Apps with no SDKs that use Webview had 44.1% fewer observed companies.  Apps with no SDKs that include advertising had 40.6% fewer observed companies.  Apps with no SDKs that include behavioral advertising had 21.0% fewer observed companies.  Table 2  Apps with no SDKs   Average # of Companies Seen  Webview – With (n=43)  8.1  Webview – Without (n=49)  1.6  Advertising – With (n=11)  15.5  Advertising – Without (n=81)  3.2  Behavioral Ads – With (n=4)  28.3  Behavioral Ads – Without (n=88)  3.6  All Tested Apps Without SDKs (n=92)  4.6 
3. Conclusion
3.1   SDKs as a Proxy for Third Party Sharing

As the data shows, SDKs aren’t a useful proxy for the actual number of third parties receiving data from the app. Moreover, apps that include ads or that use Webview will likely have significantly more third parties than apps without.  

This means that viable measurement of third parties receiving data from apps requires testing and observation of network traffic. ISL used mostly manual methods for the collection of this data but automated methods would be extremely beneficial for ongoing and pervasive measuring of app third party sharing.  

SDKs do provide value in identifying potential omissions in the manual testing process. Can we account for the specific SDKs that don’t appear in the network traffic? Did we miss a particular functional branch of the app that we should go back and test? Or might it be an indication of an error in the SDK database? So while SDKs don’t serve as a perfect indication of the third parties communicating with the app, they still provide valuable information, and as such, they will remain in our app safety labels (see https://appmicroscope.org/).  

3.2   Validation of ISL App Scoring Rubric 

As shown in section 2, use of Webview and the inclusion of advertising substantially increase user exposure to data sharing with more third parties. This finding reinforces the ISL app scoring rubric wherein the use of Webview and presence of advertising are indicators for very high risk. 

4. Helpful Links 

App Microscope 

SDK Risk Dictionary 

Domain Risk Dictionary 

Company Risk Dictionary

 

Footnotes: See the SDK Risk Dictionary and the Subdomain Risk Dictionary for details.  Note: researchers determined the use of Webview manually, by observing third-party pages opening within the app. Thus, the presence of Webview as tagged in ISL’s AppMicroscope.org may not accurately assess Webview use for first-party web pages.  It would be interesting to study how many apps have behavioral ads and don’t use Webview.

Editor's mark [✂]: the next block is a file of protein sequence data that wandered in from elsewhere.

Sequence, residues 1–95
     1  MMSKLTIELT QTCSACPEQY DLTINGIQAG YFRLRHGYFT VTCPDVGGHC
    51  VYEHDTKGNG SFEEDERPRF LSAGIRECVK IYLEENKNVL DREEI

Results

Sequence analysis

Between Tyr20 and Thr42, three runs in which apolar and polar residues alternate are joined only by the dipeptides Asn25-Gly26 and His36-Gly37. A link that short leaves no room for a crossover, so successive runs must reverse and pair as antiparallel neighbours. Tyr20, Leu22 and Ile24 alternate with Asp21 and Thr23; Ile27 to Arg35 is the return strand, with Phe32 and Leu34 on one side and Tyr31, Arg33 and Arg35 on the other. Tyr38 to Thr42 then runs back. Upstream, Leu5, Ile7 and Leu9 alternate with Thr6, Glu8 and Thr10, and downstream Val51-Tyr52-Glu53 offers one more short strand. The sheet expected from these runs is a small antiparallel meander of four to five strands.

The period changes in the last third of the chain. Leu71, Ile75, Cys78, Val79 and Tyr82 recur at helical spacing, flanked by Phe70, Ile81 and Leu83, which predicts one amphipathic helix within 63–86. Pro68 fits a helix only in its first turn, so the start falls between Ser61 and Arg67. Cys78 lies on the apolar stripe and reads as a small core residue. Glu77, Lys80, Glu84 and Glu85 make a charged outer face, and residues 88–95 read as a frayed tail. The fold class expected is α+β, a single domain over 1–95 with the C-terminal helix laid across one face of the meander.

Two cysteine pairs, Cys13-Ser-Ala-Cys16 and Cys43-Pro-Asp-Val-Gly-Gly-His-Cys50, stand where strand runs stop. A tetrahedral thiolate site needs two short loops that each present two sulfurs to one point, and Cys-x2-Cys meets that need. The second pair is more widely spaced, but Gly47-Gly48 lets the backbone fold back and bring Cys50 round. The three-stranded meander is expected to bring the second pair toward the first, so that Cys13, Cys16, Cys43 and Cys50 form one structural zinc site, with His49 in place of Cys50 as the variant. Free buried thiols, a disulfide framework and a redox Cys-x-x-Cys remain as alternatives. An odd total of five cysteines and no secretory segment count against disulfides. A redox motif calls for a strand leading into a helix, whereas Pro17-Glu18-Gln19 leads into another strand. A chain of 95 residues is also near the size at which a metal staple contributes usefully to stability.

The post Do SDKs Represent Actual Network Traffic in EdTech Apps? appeared first on Internet Safety Labs.


Elastos Foundation

The New Bretton Woods: How BeL2 Aims to Transform Global Finance using Native Bitcoin

In the records of financial history, few events have shaped the global economic landscape as profoundly as the establishment of the Bretton Woods system. In 1944, amidst the ruins of World War II, representatives from 44 Allied nations convened in Bretton Woods, New Hampshire, to create a new framework for international economic cooperation. The primary […]

In the records of financial history, few events have shaped the global economic landscape as profoundly as the establishment of the Bretton Woods system. In 1944, amidst the ruins of World War II, representatives from 44 Allied nations convened in Bretton Woods, New Hampshire, to create a new framework for international economic cooperation. The primary goal was to prevent the economic instability and competitive devaluations that had contributed to the Great Depression and the war.

The Bretton Woods system pegged major currencies to the US dollar, which was convertible to gold at a fixed rate. This effectively made the US dollar the world’s reserve currency, providing much-needed stability and fostering economic growth. However, by the late 1960s, the system began to unravel. The US faced mounting balance-of-payments deficits and dwindling gold reserves. On August 15, 1971, President Richard Nixon unilaterally ended the dollar’s convertibility to gold, effectively dismantling the Bretton Woods system and ushering in the era of fiat currencies.

The transition to fiat currencies, while offering greater flexibility for monetary policy, also introduced significant challenges. Governments could now print money without restraint, leading to inflation, currency devaluations, and a series of financial crises. Today, the world faces a staggering $307 trillion in debt, excessive currency issuance, declining bank credit, and rising economic instability. This backdrop underscores the need for a new financial paradigm, one that combines stability with the technological advancements of the digital age.

 

Bitcoin: Digital Gold